With worries about interest rates and trade wars so far nibbling only at the edges of growth, the Georgia economy continued to add jobs in November as state unemployment hit the lowest rate since 2001.
The state added 4,500 jobs during the month as the unemployment rate edged down from 3.6 percent in October to 3.5 percent in November, according to a report Thursday from the Georgia Department of Labor.
With the state in its ninth consecutive year of job expansion, Mark Butler, the state’s labor commissioner, touted the growth as a continuation in that long, positive trajectory.
Georgia has added 99,000 jobs in the past 12 months, he said. “As we approach the end of 2018, it’s great to see so much progress.”
Hiring this year has thus far been stronger than either of the previous two years with growth in a range of sectors across the income spectrum, Butler said:
— Logistics and retail, a lower-paying sector: 28,000 jobs.
— Construction, typically solid, blue-collar work: 18,200 jobs.
— Corporate and business services, typically higher paying: 19,800 jobs.
For months worries have mounted that the long expansion might be reaching its end and the recent volatility in the stock market seems to underscore that fear. A range of factors are blamed for the Dow Jones roller-coaster, but every time stocks drop sharply, analysts wonder if the market is forecasting a recession in coming months.
And Georgia’s vulnerability to a downturn seems clear.
With so much of the state’s economy dependent on trade, any cutbacks in global business are a concern. Moreover, the Federal Reserve’s hikes in interest rates has made borrowing money more expensive for both consumers and companies.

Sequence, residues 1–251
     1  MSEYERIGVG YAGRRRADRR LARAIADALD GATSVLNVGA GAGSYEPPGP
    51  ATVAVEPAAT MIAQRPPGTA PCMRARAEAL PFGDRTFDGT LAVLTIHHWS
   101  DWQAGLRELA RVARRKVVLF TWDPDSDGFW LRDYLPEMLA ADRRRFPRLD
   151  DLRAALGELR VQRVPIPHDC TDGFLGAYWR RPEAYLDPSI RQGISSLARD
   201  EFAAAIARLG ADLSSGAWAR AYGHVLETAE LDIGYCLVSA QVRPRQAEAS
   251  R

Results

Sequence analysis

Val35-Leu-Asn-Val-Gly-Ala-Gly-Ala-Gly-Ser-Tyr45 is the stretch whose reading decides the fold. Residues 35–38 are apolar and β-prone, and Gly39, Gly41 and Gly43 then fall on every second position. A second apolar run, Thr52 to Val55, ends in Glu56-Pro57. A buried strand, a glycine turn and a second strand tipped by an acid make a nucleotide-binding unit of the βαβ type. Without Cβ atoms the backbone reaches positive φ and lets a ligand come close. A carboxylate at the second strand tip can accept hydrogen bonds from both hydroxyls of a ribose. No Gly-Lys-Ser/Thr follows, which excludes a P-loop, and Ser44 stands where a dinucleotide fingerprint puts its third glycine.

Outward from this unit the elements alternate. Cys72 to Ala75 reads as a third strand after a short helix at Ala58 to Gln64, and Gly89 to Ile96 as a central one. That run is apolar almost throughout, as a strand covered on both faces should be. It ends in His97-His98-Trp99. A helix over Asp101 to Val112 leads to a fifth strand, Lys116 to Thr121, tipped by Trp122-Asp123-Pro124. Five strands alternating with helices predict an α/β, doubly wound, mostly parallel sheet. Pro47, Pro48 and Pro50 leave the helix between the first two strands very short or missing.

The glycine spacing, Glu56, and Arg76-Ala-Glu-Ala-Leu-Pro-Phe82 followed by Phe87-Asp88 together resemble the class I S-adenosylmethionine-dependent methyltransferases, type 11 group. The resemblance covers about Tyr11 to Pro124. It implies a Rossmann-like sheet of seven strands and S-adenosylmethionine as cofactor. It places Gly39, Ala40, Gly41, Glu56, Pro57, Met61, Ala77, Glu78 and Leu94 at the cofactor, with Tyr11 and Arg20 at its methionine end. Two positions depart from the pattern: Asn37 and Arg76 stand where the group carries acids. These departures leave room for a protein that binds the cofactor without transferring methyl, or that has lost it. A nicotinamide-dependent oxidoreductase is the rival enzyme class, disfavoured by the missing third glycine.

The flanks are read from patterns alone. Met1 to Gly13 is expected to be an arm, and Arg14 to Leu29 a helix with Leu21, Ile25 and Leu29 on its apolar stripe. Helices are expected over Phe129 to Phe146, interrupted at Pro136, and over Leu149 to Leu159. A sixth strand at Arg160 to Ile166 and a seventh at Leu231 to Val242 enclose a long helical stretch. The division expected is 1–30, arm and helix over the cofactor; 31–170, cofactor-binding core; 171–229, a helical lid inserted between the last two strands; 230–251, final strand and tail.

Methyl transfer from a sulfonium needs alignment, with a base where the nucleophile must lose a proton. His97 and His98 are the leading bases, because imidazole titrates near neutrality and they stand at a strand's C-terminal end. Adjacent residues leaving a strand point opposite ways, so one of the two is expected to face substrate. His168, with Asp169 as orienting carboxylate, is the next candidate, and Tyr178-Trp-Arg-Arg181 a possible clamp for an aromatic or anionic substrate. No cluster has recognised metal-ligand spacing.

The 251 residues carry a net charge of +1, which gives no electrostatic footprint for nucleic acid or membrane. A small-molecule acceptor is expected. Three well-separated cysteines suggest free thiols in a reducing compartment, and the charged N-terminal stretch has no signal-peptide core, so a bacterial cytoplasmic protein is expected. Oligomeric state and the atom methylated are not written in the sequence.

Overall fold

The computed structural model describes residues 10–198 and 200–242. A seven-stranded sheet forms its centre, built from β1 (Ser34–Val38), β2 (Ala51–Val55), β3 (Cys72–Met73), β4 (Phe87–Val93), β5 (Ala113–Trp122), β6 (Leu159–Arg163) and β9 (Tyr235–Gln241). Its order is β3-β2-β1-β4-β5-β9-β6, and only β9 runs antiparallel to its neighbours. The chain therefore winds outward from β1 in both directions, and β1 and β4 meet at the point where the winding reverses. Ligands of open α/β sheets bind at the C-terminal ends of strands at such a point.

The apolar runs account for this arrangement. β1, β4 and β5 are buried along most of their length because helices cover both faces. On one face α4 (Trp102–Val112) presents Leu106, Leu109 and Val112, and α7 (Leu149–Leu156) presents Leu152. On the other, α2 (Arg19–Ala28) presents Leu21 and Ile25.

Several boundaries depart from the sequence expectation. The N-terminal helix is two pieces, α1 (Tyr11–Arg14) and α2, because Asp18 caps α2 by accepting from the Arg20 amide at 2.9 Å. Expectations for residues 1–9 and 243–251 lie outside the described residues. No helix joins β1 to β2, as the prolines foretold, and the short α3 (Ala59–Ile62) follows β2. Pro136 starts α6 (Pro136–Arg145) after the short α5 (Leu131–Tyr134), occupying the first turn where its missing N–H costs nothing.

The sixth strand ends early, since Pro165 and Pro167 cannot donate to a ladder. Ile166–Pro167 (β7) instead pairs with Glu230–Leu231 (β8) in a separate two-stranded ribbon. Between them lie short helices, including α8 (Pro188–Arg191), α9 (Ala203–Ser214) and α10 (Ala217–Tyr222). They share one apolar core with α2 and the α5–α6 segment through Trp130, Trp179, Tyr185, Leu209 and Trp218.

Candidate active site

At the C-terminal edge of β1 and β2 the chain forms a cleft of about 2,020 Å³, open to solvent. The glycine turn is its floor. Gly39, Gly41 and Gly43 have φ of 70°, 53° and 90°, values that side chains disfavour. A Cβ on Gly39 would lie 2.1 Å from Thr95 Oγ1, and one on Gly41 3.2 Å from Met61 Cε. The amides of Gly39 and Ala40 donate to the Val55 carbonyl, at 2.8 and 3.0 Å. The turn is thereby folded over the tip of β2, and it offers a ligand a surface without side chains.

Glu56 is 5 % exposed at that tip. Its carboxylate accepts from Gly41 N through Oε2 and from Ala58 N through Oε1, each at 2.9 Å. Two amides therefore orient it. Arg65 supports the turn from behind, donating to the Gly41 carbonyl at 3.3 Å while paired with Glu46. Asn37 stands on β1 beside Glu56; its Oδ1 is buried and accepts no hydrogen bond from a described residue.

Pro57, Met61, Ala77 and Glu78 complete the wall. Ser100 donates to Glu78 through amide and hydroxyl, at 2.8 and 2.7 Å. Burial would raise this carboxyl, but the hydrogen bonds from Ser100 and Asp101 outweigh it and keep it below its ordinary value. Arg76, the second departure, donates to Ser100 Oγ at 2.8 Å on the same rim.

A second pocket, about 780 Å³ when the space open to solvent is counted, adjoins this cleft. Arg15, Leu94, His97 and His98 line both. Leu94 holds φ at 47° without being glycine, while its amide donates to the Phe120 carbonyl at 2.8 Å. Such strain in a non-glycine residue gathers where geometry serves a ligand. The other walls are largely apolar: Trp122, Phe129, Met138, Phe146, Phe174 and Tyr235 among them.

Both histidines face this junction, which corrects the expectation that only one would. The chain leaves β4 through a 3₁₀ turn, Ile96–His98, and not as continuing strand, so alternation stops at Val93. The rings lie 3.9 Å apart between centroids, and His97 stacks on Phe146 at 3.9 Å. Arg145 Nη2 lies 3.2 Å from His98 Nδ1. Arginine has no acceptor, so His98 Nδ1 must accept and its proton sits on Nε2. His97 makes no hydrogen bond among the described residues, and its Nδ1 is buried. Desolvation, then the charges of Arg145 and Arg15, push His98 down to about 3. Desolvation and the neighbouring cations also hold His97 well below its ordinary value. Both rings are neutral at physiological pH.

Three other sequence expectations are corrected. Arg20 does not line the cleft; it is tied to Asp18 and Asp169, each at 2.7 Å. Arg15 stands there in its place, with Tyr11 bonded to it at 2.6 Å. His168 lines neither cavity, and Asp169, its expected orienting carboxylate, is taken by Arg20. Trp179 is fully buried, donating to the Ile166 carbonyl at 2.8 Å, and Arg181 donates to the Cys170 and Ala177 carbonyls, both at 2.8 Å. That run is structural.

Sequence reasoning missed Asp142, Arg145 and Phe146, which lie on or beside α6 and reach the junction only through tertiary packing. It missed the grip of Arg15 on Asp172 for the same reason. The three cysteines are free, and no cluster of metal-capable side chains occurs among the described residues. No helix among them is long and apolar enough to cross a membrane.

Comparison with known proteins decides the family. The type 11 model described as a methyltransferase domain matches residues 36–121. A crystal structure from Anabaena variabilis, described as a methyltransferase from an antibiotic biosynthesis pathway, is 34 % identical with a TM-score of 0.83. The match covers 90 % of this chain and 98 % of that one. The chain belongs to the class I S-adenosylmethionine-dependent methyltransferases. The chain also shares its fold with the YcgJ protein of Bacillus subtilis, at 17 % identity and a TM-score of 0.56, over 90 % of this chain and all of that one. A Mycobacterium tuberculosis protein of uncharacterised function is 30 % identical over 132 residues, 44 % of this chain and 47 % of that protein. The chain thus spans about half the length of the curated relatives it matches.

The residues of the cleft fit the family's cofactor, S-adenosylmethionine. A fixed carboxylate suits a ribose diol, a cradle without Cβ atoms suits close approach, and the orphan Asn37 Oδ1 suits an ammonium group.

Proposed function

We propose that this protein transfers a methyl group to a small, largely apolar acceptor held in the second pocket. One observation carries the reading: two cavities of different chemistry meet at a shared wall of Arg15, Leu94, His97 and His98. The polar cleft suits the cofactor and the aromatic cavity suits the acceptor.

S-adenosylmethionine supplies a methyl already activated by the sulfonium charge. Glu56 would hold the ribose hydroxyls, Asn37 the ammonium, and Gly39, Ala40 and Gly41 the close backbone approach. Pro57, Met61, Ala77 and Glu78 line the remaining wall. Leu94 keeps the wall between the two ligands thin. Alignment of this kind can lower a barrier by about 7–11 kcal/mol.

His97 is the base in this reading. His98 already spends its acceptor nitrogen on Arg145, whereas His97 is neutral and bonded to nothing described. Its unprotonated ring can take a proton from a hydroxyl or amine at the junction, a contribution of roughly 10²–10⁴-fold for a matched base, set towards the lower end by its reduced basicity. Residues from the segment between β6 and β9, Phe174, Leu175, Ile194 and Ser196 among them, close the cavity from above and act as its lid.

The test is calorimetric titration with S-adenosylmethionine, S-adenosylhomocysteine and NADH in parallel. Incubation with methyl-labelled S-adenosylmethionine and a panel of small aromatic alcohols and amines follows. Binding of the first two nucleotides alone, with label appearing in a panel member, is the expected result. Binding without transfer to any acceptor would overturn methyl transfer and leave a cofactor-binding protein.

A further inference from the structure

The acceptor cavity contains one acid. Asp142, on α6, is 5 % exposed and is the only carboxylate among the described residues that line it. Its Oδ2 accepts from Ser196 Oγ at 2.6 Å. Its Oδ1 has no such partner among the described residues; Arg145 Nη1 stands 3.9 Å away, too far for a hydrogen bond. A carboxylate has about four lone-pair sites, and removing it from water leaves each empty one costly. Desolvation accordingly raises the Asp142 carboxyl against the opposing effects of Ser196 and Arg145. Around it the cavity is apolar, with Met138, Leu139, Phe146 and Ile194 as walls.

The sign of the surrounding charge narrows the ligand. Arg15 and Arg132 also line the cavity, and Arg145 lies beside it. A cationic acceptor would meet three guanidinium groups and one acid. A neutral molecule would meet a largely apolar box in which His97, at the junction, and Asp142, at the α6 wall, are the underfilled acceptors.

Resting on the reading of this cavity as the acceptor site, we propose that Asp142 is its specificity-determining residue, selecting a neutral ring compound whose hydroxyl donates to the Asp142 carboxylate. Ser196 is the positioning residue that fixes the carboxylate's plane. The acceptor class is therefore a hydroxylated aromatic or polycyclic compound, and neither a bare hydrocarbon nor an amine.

On the consumer side, home sales depend partly on mortgage rates. For business, expansion and hiring generally depend on the ability to borrow.
In recent months, home sales have indeed been falling. And last month, the number of new jobless claims – a result of layoffs – in Georgia rose 9 percent from October to a level 21 percent above a year ago.
Moreover, the dip in the unemployment rate was partly because the number of people in the labor force fell – when workers are not actively searching for a job, they are not counted as officially unemployed.
But the labor force has grown during the past year and November was the 13th of the past 14 months with job growth, so Butler discounted the cautionary numbers as potentially misleading.
“There are a number of factors, some seasonal, that make the numbers fluctuate month to month,” Butler said. “It’s more important to watch the trends for the long term to understand what’s really going on. And, the long-term trends look positive for Georgia.”
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